President Obama traveled to Iowa City, Iowa Thursday to continue his effort to convince the American people of the value of the health care bill he signed into law Tuesday. In his speech, he mocked Republicans for suggesting that passage of the bill means "Armageddon" and dared them to run on a platform of repealing the bill, as many have vowed to do.
"Now that we passed it, they're already promising to repeal it," he said. "They're actually going to run on a platform of repeal in November. And my attitude is, go for it."
"If these Congressmen in Washington want to come here in Iowa and tell small business owners that they plan to take away their tax credits and essentially raise their taxes, be my guest," he added.
The president said cable news talking heads are still "shouting about the end of the world" and said that Republicans are offering disingenuous suggestions that the bill means the "end of freedom as we know it."
"So after I signed the bill I looked around to see if there were any asteroids falling or cracks opening around the earth," he joked. "Turns out it was a nice day. Birds were chirping. Folks were strolling down the Mall. People still had their doctors."
"From this day forward," the president said, "all of the cynics and the naysayers will have to confront the reality of what this reform is and what it isn't."
Mr. Obama argued that the bill he signed is a moderate piece of legislation, and not, as Republicans claim, "a government takeover of our health care system."
He acknowledged that many of the legislation's provisions don't go into effect for years, and said that some aspects of health care coverage will remain "very frustrating" in the short term. He stressed the provisions that go into effect this year, among them tax credits for small businesses to pay for insurance and bans on insurance companies dropping people who get sick or turning away children with pre-existing conditions.
Other provisions taking effect in 2010 include a tax credit for seniors who hit the Medicare donut hole, a requirement that insurance companies provide free preventive care and a rule that young people be able to stay on their parents' policies until age 26.
"The days of the insurance industry running roughshod over the American people are over," said Mr. Obama.
Though Americans warmed to the bill slightly after it passed the House Sunday,, more still disapprove of the legislation than approve. With the midterm elections approaching in November, the president and Congressional Democrats are seeking to improve perceptions of the bill, and, with it, their party.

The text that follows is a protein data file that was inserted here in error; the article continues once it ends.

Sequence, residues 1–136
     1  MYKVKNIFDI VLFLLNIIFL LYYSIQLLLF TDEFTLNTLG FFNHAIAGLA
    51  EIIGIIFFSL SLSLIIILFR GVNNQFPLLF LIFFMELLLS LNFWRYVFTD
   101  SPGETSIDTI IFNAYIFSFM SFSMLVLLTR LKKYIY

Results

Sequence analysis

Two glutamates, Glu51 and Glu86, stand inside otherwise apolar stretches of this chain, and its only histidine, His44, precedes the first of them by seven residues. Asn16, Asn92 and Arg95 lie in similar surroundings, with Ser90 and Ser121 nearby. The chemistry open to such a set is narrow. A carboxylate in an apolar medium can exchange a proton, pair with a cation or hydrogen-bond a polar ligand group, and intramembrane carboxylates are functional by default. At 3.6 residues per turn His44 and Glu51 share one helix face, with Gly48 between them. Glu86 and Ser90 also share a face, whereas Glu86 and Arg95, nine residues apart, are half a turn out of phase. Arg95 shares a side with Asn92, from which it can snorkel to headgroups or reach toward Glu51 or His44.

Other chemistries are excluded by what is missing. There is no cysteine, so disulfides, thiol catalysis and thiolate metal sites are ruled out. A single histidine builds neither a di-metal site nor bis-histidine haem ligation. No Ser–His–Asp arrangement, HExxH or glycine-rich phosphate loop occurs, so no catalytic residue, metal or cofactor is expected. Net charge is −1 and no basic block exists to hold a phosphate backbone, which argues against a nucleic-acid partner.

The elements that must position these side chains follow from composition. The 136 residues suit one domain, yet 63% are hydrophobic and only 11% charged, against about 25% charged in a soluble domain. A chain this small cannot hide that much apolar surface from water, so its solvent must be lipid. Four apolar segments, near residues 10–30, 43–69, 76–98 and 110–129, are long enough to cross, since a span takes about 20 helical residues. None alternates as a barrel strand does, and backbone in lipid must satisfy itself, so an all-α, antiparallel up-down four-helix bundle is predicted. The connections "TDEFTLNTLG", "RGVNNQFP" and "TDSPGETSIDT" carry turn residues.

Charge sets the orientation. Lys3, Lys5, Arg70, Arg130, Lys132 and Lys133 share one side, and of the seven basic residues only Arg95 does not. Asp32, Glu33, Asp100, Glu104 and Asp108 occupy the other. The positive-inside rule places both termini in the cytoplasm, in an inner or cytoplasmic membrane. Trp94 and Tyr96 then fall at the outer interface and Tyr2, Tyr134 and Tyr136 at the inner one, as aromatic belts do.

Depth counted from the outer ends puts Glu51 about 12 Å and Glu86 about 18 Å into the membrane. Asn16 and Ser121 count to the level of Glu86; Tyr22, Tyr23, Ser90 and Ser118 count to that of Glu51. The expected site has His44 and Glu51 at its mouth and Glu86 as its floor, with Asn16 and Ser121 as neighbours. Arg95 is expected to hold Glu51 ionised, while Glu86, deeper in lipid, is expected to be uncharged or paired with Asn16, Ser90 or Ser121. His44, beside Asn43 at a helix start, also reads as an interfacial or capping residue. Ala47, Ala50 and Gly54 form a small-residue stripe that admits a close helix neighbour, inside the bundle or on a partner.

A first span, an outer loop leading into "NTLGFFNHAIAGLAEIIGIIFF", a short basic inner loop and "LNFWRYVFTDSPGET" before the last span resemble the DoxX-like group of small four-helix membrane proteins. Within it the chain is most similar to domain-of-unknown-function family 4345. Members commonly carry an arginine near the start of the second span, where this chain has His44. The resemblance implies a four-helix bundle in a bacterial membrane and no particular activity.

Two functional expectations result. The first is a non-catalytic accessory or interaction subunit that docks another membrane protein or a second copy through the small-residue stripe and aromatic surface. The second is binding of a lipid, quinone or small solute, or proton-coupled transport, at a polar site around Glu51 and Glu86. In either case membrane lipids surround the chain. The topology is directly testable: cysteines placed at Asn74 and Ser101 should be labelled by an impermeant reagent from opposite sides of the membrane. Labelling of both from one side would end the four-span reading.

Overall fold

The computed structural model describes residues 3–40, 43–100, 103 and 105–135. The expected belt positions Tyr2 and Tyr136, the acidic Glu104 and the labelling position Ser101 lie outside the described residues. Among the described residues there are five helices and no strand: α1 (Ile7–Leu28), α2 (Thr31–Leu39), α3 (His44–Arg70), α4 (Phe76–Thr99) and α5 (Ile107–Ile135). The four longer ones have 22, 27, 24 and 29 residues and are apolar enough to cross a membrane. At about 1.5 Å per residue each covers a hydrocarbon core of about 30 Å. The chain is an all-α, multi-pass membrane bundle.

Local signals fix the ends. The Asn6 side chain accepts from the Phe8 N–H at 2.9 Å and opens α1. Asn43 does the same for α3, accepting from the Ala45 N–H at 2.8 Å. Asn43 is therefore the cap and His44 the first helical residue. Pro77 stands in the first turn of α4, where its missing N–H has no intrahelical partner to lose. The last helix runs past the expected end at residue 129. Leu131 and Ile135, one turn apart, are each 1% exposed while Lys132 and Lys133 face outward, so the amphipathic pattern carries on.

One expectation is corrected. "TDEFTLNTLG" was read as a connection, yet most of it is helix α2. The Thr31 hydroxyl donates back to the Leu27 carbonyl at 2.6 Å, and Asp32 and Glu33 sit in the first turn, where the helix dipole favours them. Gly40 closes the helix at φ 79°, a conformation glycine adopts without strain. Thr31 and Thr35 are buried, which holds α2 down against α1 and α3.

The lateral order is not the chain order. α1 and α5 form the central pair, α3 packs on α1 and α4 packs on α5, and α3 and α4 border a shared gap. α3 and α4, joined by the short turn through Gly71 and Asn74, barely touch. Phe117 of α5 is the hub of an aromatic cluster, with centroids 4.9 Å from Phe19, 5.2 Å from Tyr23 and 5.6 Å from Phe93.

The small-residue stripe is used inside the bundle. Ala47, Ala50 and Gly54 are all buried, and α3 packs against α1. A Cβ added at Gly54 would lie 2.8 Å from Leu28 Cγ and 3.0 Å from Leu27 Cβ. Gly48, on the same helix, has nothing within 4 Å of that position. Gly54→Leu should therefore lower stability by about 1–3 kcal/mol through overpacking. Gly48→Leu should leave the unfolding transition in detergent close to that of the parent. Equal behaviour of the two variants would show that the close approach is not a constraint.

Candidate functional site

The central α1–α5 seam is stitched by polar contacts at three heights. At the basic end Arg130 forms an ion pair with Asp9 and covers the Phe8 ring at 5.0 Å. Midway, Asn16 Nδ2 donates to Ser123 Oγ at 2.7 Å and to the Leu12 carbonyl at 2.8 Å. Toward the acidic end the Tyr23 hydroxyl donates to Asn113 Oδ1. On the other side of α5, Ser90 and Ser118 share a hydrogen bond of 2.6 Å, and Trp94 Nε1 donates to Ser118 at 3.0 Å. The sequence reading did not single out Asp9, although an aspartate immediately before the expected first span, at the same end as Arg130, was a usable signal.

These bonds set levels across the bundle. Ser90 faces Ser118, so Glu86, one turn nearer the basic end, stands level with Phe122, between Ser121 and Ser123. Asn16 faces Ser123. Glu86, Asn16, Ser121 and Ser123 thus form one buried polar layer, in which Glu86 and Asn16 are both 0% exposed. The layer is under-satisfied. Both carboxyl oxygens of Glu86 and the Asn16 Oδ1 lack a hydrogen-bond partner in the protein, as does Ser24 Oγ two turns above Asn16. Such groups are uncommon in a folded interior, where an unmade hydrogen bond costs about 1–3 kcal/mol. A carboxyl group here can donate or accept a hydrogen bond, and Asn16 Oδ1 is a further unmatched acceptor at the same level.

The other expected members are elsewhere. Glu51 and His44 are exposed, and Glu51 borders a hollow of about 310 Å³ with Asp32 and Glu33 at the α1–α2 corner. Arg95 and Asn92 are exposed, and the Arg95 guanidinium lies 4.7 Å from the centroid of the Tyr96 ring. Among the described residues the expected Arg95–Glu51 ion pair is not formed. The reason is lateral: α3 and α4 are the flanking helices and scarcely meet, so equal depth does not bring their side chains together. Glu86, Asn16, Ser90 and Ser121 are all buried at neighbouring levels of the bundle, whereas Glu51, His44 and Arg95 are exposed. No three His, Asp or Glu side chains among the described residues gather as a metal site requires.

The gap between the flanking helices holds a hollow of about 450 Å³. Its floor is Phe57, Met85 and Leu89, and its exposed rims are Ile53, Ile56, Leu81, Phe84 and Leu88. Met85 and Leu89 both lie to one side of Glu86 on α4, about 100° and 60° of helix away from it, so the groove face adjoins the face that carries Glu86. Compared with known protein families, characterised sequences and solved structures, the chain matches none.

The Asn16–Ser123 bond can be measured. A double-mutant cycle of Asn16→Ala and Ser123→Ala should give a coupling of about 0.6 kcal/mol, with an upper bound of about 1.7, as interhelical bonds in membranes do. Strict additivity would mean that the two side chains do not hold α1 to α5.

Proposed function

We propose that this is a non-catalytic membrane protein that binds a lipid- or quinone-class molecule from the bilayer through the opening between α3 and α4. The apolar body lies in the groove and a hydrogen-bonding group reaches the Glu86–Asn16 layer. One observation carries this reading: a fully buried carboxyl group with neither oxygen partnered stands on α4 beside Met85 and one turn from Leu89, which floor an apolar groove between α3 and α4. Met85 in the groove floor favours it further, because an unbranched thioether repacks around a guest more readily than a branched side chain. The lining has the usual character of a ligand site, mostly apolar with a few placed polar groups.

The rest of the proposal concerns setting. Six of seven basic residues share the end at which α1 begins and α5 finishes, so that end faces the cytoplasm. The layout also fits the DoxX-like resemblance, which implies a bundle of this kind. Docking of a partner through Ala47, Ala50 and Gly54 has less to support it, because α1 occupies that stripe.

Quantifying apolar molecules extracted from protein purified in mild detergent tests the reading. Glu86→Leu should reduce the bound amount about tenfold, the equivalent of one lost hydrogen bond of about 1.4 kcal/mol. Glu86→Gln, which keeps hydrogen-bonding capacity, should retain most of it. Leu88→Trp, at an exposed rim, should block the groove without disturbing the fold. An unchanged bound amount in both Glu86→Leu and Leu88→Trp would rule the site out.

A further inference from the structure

Iowa was the president's first stop outside of Washington following passage of the legislation, and Mr. Obama hailed it as "the state that first believed in our campaign." The state held the nation's first-in-the-nation presidential caucuses in the 2008 election cycle, which then-candidate Obama won.
"This is the state that inspired us to keep on going, even when the path was uncertain," he said. "And because of you, this is the place where change began."
He noted that he promised to sign a health insurance reform bill in Iowa three years ago and said it was "because of you" that he could.
"When the pundits were obsessing over who's up and who's down, and what's going on with the Obama administration, you never lost sight of what was right and what was wrong," he said. "You knew this wasn't about the fortunes of any one party -- this was about the future of our country."
At the start of his remarks, the president acknowledged Northern Iowa's victory in the NCAA men's basketball tournament over tournament favorite Kansas, the team the president had picked to win the tournament. "I feel a little bitter," he joked.
"I want to congratulate all the Northern Iowa fans in this part of the state on their big win," he said. "And since you ruined my bracket I'm rooting for you now. I want you to go out and take it. Go all the way."
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